Record-breaking balloonist Steve Fossett says his epic voyage was the most dangerous thing he has ever done. The wealthy American this week became the first person to singlehandedly fly a balloon around the world. High winds forced him to continue flying across Australia searching for safe place to land.
It was a bumpy conclusion to an extraordinary journey. Thirty-six hours after becoming the first solo balloonist to circle the globe, Steve Fossett finally touched down in a remote corner of Queensland in Australia's north. It was half a continent away from his original destination in Western Australia.
It was, said the adventurer, a troublesome landing.
His giant balloon Spirit of Freedom - dragged along the ground for 15 minutes before stopping. Fifteen days traversing the Southern Hemisphere ended in the heart of the Australian outback near the settlement of Durham Downs, which has a population of less than a dozen.
The 58-year-old said after five failed attempts to circumnavigate the globe, he was determined to succeed this time.
"To me it's the persistence, taking on something that is extraordinarily difficult to start with and then making the six attempts it took to finally succeed," Mr. Fossett said. " Just crossing the finishing line a day ago wasn't really a cause for celebration. I had to get on the ground. Well, I'll never do anything that means as much to other people as the first solo round-the-world by balloon."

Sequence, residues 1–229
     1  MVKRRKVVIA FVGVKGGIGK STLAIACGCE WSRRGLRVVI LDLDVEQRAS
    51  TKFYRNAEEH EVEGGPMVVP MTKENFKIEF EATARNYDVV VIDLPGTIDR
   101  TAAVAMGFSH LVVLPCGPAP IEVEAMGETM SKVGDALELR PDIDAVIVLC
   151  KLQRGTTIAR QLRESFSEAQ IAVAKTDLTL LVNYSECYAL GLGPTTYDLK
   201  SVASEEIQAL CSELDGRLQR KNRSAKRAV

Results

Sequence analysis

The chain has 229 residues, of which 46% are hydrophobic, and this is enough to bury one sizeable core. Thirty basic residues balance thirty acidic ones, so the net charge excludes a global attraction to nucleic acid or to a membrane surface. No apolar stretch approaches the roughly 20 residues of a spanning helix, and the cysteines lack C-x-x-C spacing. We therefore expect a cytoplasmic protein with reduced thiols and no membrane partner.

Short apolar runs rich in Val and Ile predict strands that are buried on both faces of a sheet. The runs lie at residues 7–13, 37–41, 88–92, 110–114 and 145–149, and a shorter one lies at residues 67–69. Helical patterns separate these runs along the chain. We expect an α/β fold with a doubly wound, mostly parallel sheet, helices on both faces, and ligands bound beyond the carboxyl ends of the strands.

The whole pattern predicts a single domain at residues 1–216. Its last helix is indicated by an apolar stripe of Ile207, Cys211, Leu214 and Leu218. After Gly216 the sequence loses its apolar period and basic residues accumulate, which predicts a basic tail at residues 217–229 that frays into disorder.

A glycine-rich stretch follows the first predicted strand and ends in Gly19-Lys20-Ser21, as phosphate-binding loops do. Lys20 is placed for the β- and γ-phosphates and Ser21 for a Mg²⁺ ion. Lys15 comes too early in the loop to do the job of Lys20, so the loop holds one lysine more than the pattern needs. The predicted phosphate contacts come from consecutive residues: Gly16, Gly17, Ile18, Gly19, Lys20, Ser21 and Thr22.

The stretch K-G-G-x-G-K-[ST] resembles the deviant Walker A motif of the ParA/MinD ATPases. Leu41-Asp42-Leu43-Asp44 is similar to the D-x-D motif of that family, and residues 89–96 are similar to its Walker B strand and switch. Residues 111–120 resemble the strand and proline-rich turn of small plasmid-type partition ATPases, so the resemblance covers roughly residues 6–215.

Mr. Fossett says the hours leading up to his landing early Thursday were so unpredictable he wore his parachute in case things went wrong. He was running low on fuel and oxygen.
During his final night in the air, he narrowly avoided disaster when a small fire broke out aboard the balloon. It was quickly extinguished, but made the veteran balloonist more nervous.
Hardly surprising, therefore, that the multi-millionaire says it was the most dangerous time of his life. Mr. Fossett returns home to the United States on Friday.
This is not the end of his adventures. Mr. Fossett plans to head to New Zealand in the coming weeks. There, he will try to fly a glider almost 19,000 meters into the stratosphere to claim another aviation record in a joint project with the U.S. space agency.